Alumni News, Dividend
Back to Listing

Rachel Sze, MBA ’23: From Music to Management

Rachel's headshot displayed alongside the Bain and Co. logo

Rachel Sze, MBA ’23, started her career in music, working for years as a high school band director. Sze planned on continuing that path forever — until everything changed during the COVID-19 pandemic.

“I was a high school band director, so I did everything from directing the marching band, teaching two bands, two orchestras, and AP music theory with the director for the school musical every year,” Sze said. “I used to spend my summers teaching drum major and marching band camps around the country.”

Like many teachers, Sze’s world was turned upside down in 2020 when the COVID-19 pandemic caused students to transition to an online learning environment. As their usual routine became anything but, Sze observed how their school district handled major strategic decisions during a time of crisis and found herself wishing she could contribute to solving problems at that level of the organization.

“I really wanted to tackle big issues like that, but I realized that a master's degree in education or conducting wasn't going to be the degree that necessarily got me into the rooms where those sorts of discussions were happening,” Sze said.

During a time of unprecedented change, Sze decided that she would also need to make a big change to pursue the career she realized she wanted. So, Sze researched graduate degrees and eventually opted to pursue an MBA to get one step closer to the strategic leadership decisions they wanted to be part of.

Choosing Michigan Ross

After Sze made the decision to go back to school for an MBA, they started researching different universities and programs to find the experience that would be right for them.

“I think, for me, the deciding factor was culture. There are a lot of great business schools out there, but I think there are fewer business schools where I felt like I was going to have the opportunity to feel comfortable enough to take the requisite risks that are essential to learning,” Sze said. “I wanted to be able to feel safe and know that I was going to be able to fail in ways that I was supported by peers, supported by professors, and supported by the opportunities that I was being given.”

As Sze toured schools and spoke to people from different programs, she found that the community at the Ross School of Business had exactly what she was looking for.

“I'm really pleased to say that the culture at Ross absolutely panned out to what I was looking for. I think one thing I always remember is when I was doing early recruiting for Reaching Out MBA, there was a good handful of us that were recruiting for the same company, and we all had a first-round interview,” Sze said.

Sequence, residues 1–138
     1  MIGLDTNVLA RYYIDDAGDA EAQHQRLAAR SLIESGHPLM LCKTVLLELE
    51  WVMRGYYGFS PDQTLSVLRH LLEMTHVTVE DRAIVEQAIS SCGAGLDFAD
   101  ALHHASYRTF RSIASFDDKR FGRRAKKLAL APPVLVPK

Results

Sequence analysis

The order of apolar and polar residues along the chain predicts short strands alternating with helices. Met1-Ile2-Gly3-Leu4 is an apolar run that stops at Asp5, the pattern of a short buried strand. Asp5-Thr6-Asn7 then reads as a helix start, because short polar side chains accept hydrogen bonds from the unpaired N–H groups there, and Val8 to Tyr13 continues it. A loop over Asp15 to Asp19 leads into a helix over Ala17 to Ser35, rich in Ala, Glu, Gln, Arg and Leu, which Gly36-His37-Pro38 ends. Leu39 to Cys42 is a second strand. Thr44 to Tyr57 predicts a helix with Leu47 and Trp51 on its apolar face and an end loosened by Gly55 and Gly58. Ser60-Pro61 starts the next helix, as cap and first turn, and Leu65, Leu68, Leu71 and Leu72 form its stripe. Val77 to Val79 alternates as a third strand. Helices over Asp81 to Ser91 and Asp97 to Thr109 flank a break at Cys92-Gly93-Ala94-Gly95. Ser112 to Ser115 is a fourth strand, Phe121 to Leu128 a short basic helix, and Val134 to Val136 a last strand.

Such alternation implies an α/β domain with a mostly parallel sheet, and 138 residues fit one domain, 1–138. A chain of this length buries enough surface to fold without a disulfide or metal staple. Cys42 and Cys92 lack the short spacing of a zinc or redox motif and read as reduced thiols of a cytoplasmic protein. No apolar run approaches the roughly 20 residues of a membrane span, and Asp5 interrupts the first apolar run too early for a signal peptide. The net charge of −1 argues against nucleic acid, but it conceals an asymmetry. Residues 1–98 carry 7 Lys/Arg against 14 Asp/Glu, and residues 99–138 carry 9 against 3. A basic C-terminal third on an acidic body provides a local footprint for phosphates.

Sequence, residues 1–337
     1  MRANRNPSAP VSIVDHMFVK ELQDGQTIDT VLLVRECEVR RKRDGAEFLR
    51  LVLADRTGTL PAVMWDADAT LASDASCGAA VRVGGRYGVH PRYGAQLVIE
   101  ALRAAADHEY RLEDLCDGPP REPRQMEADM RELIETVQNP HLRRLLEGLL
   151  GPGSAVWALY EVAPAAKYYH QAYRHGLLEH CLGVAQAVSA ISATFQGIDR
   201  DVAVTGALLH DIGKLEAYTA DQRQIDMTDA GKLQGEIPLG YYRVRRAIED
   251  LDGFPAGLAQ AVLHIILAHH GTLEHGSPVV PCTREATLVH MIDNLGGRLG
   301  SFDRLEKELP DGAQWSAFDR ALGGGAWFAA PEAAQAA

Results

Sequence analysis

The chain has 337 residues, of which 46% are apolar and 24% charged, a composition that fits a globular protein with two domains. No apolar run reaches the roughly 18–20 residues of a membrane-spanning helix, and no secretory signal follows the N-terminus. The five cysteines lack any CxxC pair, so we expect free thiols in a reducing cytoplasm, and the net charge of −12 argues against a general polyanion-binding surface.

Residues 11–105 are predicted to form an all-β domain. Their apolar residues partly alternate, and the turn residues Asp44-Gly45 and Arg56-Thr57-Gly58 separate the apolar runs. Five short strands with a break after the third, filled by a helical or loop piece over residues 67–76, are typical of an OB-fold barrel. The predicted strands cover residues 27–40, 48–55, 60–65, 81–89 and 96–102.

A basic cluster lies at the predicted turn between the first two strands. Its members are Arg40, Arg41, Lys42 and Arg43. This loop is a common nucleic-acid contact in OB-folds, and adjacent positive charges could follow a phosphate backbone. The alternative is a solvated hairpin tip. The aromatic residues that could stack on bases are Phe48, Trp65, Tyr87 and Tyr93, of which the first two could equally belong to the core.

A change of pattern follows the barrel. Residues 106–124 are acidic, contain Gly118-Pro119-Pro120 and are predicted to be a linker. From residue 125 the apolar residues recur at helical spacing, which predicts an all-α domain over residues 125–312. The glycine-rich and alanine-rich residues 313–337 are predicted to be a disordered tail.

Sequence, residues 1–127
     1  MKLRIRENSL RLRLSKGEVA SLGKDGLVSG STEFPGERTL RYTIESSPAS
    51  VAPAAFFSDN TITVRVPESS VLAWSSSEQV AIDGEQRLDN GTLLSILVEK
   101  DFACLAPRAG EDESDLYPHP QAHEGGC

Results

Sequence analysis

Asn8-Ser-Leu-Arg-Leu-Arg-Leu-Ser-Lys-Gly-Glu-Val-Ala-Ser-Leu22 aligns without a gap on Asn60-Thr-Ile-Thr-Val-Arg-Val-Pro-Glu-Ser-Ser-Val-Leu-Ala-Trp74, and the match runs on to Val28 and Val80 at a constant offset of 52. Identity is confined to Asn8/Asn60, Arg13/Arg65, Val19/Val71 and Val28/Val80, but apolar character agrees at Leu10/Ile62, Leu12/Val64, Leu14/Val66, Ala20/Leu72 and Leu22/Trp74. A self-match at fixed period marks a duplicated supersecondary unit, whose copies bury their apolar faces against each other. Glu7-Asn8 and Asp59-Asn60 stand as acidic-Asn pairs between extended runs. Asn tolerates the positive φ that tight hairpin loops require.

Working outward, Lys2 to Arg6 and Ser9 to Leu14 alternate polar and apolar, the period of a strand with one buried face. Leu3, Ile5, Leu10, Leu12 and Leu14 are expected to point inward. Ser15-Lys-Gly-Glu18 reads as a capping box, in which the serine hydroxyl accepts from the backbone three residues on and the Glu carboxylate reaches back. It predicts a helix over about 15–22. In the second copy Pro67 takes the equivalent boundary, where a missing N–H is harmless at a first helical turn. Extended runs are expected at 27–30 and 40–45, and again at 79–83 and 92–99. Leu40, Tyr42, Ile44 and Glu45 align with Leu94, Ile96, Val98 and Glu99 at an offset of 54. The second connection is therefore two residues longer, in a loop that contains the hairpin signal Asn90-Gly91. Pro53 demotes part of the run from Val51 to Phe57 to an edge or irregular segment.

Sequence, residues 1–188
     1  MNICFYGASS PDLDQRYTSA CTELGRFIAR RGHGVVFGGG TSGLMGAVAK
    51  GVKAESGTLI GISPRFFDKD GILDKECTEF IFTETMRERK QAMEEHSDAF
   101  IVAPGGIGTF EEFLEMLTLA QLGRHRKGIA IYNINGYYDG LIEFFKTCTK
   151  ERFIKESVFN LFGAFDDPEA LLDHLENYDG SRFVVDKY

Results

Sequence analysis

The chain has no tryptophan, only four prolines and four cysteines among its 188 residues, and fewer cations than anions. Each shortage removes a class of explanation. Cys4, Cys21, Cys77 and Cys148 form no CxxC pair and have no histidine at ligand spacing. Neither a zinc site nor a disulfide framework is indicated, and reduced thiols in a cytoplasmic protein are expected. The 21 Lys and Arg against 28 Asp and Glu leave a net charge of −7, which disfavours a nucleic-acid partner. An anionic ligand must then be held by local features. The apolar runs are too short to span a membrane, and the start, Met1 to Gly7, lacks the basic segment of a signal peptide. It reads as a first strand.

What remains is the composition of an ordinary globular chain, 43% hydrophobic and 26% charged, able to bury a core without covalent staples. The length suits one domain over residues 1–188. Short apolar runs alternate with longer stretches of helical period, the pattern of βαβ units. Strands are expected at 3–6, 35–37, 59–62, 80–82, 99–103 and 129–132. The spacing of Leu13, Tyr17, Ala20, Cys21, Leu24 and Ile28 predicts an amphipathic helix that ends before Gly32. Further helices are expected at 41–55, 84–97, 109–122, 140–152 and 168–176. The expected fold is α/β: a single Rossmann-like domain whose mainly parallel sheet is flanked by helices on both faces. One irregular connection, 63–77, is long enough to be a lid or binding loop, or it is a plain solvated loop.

“I sort of figured, okay, everyone's been super nice during the recruitment process, but maybe the rubber hits the road now that people are going for the same jobs. But no – it was such a supportive environment focused on making sure that all of us were putting our best foot forward."

That sense of collaboration extended past the classroom into these real, tangible outcomes that people really come to business school to be invested in. I think that was when I realized, oh, this is real here.

Exploring passions through action-based learning

As an MBA student, Sze decided that they wanted to explore as much as possible during their two years of learning. That journey started with pursuing her first internship in the corporate world at Bain and Co. in 2022.

“That internship was my first office job. As a public school teacher, the fact that there was natural light and as many pens and as much paper as I needed, I was just like, wow, there's resourcing,” Sze laughed.

With her former career as a teacher having a very insular style of work, Sze was excited and energized by the work they were able to do in teams at Bain and Co. After her internship concluded, Sze was offered a full-time role at Bain. Eager to continue exploring different industries and aspects of work, they opted to defer their start date to take on more experiences at Michigan Ross before starting there full-time.

“I was able to work on lending solutions strategy at the University of Michigan Credit Union, and I also had a chance to work as a fellow on Capitol Hill,” Sze said. “On Capitol Hill, I had the opportunity to write a bill. I think it really speaks to the versatility of the MBA toolkit, the core skills of being collaborative, being able to see the field and zoom out, and just having this large reserve of skills and knowledge to dig into. I think it is what has enabled my success post-Ross thus far.”

Opening doors with an MBA

Post graduation, Sze has been working as a consultant at Bain and Co., a career they have found joy in pursuing. Having gotten her MBA in order to secure a seat at the table in strategic business decisions, Sze has found what she was looking for and is loving each day of new experiences.

“My days are usually some combination of internal meetings, external meetings with stakeholders, having the opportunity to work on models, ideating answers to big strategic questions… I think it might be easier to tell you what I don't do,” Sze joked.

As they look to the future, Sze is excited to continue making a positive impact on businesses and utilizing her skills as a Michigan Ross MBA.

I can unequivocally say that my MBA has opened a ton of doors and is absolutely enabling whatever happens next. I don't know exactly what form that's going to look like five years from now, but I know that the foundation I have from Ross, the colleagues and friends that I have from my time on campus, and the experiences I've had through classes and experiential learning are definitely going to be things that I pull on in the next five years and certainly beyond.

Documents & Links
Connect with Rachel | Michigan Ross Alumni Ambassadors